As the clock ticked past 11:59 and Friday, March 1 turned into Saturday, March 2, the much-discussed sequestration went into effect. Did markets shudder at this lack of a last-minute deal? Not really – in fact, all three major U.S. markets (DJIA, S&P 500, and NASDAQ) closed up on Friday. So, how much of an impact will this roughly US$1 trillion in cuts have on the economy? Not as much as you might think.
First, the US$1 trillion in cuts goes through 2023, so it’s not a one-time hit. The impact of the spending cuts will be felt unevenly across the country. Washington D.C. will feel the bite very keenly, as will states with a large defense-industry presence (e.g. Hawaii, Alaska, New Mexico, Virginia, Kentucky, and Alabama). If the government doesn’t step in to cancel the cuts, furloughs of government workers probably won’t start before April. That means get your U.S. tax returns submitted soon if you’re expecting a refund…otherwise, you might be waiting a bit longer for an IRS employee to send your check.
Our current feeling is that the sequester will be only a mild drag on growth in 2013. The Congressional Budget Office estimates that the reduction in outlays to be less than US$45 billion (interesting blog post from CBO on their thoughts here). That’d be less than 0.3% of nominal GDP on both fiscal and calendar-year bases, and only 1.2% of all federal outlays for fiscal year 2013. Further, even with this sequestration, total federal spending for fiscal 2013 will be greater than that in fiscal 2012.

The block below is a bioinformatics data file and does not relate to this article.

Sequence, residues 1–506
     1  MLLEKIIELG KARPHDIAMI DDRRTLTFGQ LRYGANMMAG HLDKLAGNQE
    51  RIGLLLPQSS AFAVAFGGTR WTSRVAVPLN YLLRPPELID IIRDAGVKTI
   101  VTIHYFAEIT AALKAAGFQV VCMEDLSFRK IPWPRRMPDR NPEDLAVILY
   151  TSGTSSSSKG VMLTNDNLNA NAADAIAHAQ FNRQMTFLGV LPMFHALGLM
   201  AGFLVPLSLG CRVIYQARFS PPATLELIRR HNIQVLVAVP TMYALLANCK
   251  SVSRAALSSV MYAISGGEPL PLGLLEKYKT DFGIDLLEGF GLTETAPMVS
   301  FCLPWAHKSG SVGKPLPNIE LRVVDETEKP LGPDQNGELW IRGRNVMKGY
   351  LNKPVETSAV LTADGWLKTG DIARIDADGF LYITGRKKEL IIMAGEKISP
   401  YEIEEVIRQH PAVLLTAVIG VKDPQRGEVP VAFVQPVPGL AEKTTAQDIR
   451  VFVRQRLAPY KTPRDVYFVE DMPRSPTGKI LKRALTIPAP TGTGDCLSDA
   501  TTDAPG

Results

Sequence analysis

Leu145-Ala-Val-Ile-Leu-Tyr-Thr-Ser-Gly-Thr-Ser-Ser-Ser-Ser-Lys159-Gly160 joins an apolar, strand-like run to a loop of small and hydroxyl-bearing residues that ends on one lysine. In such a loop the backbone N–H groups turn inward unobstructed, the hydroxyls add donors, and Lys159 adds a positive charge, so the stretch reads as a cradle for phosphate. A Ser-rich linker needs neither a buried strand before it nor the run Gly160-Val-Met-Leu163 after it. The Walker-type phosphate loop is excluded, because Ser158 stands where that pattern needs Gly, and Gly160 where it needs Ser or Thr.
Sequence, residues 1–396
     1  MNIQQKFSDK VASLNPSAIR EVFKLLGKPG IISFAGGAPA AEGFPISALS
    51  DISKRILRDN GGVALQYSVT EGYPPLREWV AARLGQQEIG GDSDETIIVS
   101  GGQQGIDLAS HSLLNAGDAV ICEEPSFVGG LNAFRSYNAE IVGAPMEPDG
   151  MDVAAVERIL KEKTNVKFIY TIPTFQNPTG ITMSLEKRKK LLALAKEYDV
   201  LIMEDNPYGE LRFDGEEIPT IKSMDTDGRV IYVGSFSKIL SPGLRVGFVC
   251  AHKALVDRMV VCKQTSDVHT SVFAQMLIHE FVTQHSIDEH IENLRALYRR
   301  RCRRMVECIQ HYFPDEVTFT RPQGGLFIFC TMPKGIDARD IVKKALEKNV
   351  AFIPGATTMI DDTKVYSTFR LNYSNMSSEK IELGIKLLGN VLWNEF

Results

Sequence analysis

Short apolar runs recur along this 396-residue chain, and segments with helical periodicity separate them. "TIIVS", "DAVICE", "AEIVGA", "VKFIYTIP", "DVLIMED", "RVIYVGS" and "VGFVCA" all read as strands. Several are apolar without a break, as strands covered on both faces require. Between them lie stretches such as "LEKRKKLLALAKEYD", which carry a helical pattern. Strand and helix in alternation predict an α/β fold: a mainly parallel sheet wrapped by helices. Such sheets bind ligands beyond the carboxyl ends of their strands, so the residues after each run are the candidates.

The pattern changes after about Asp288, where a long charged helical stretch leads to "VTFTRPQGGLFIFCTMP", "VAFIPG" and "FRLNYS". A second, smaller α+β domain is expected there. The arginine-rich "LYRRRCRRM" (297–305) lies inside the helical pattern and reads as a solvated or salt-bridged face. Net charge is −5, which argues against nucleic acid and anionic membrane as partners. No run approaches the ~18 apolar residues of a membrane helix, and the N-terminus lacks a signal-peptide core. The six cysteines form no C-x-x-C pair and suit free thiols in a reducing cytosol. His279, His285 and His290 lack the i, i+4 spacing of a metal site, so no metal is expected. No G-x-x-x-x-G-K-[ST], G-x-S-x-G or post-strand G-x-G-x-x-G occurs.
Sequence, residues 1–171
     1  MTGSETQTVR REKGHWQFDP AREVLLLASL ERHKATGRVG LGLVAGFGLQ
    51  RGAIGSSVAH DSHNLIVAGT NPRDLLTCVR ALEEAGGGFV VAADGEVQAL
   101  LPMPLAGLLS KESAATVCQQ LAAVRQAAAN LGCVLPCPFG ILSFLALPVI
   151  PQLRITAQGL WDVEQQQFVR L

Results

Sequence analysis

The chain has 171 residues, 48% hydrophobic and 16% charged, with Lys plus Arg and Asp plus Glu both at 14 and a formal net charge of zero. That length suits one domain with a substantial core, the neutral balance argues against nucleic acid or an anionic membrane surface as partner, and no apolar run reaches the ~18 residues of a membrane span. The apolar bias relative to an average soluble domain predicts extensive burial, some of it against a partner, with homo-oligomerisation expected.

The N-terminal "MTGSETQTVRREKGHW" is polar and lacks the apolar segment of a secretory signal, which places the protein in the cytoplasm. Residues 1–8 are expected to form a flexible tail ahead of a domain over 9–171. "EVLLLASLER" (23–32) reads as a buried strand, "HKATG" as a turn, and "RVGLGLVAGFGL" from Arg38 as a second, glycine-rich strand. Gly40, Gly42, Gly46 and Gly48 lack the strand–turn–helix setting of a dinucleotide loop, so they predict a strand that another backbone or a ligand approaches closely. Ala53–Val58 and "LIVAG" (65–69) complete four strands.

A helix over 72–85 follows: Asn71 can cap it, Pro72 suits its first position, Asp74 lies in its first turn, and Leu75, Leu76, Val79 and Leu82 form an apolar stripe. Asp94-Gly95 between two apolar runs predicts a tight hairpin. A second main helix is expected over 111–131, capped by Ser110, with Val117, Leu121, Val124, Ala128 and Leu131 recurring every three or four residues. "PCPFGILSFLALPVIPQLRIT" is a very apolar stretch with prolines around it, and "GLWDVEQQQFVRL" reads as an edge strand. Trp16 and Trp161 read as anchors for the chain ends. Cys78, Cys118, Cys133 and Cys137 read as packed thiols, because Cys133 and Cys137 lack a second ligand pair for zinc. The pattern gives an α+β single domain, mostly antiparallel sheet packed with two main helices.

The one positive about our current situation is that, in spite of the sequester, the U.S. economy is actually pretty well positioned for growth. The manufacturing and housing sectors are robust. Job growth is improving. Consumer confidence has clawed back much of what it lost after the pay-roll tax holiday ended. Auto sales have been strong and jobless claims remain relatively low.
So, all this means that we’re actually not changing our current view on the U.S. economy. Even with a little sequester-induced weakness this year, we expect the U.S. economy to regain a full head of steam by 2014. You can see more on our economic outlook and our economic wrap-up for February here.